Competition for students has never been greater, not only between universities in developed countries (for example, Australia, US, UK, Singapore, and throughout the EU), but potentially also from emerging nations such as India, Malaysia, Thailand, Vietnam and China as they establish more modern global institutions. Future developments in the AEC, with its emphases on employee (and student) mobility across the region, are likely to only increase such competition. International students and their parents are sensitive to issues such as political and economic stability, currency and cost of living relativities, and security, as well as the perceived reputation of particular institutions. The costs and benefits of online versus face-to-face learning programs, as well as the advantages and disadvantages of public versus private universities, also do not escape their attention. Hence, all higher education institutions in the Asia Pacific region need to monitor and respond to all of these factors in order to continuously maintain or grow their student numbers.

Graduate Work-Readiness Challenges
One of the consequences of the above two factors is that many potential employers are dissatisfied with the quality, competencies, knowledge and practical skills of the university graduates whom they seek. As a recent regional study of graduate work-readiness suggests, all Asian countries and their higher education systems are facing similar challenges – namely:

Weak emphasis on applied learning & vocational skills
Archaic/complex educational systems - inflexible
Content and methods of teaching lag behind practice
Poor strategic planning
Low quality teaching & inappropriate lecturer selection criteria
Absence of meaningful links with industry
Lecturers’ lack of actual work experience

(Brown et al. 2016)

There are of course universities throughout the Asia Pacific region which are exemplary in their attention to these challenges, seeking out the best teaching academics, providing them with appropriate rewards and benefits, and ensuring that teaching and learning results in industry-ready graduates through effective linkages with industry partners. However, it seems clear from this and other such studies that these negative factors and outcomes derive from higher education systems and their institutions which are disconnected from industry (and vice versa); which have largely ignored the need to include practical workplace knowledge and skills in their curriculum; and which have compounded these problems by downgrading the importance of teaching and learning priorities by focusing on research and publication. Such an emphasis serves to not only de-motivate teaching staff but also their students, and fails to adequately reflect their key income sources, namely student fees.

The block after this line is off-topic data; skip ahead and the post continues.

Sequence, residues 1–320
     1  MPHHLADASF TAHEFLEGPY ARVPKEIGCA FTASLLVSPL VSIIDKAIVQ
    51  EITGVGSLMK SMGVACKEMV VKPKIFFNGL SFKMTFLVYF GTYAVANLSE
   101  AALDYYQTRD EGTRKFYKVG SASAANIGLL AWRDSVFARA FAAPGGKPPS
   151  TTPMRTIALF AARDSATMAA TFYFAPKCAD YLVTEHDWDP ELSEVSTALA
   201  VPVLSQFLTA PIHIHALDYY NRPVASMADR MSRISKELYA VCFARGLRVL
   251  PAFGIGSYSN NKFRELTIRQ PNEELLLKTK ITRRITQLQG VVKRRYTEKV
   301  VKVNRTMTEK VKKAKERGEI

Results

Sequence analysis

Strategies to address these challenges
Whilst governments and industries also bear responsibilities for the causes of and solutions to these challenges, the higher education sector arguably has the key direct role. Thus, government policies are required which encourage 
industry to improve employee skill utilisation; disseminate information and advice which assist the matching of skills; formulate national skills assessments and qualifications frameworks; provide flexible recognition of prior learning (RPL) opportunities; and influence the demand for higher-level skills (OECD 2011, 20-23). Employers, on the other hand, need to link more closely with higher education institutions, to provide more work-based learning opportunities (for example, student placements and internships), and to facilitate graduate work transitions through ongoing skills acquisition and development opportunities.

However, it is the universities themselves which must address the three key challenges in order to continue to be engaged with and responsive to the communities which they serve, and to ensure their own survival within increasingly dynamic and competitive local and global environments. They need to be more responsive to industry labour demands, and to consequently establish closer and more collaborative ongoing industry-institutional linkages; to adapt to the dynamism of local, regional and global labour markets;  to provide education and training programs which better reflect new social, economic and technological contexts; and importantly, to develop new approaches to attracting, rewarding and retaining high quality, industry-experienced learning and teaching academics (Brown et al 2016). Some of the steps which might be taken include designing curricula which is more balanced between theory and praxis, financial incentives to encourage and support institutional links between educational and industrial institutions, and enhancing skills training for innovation (OECD 2011).

Brown, K. Burgess, J., Cameron, R., Connell, J., Dhakal, S., Nankervis, A., Mumme, B. 2016, Graduate work-readiness and employability challenges in the Asia Pacific: A preliminary study, Asia Business Centre, Curtin University. 

OECD 2011, Towards an OECD skills strategy, Paris: OECD.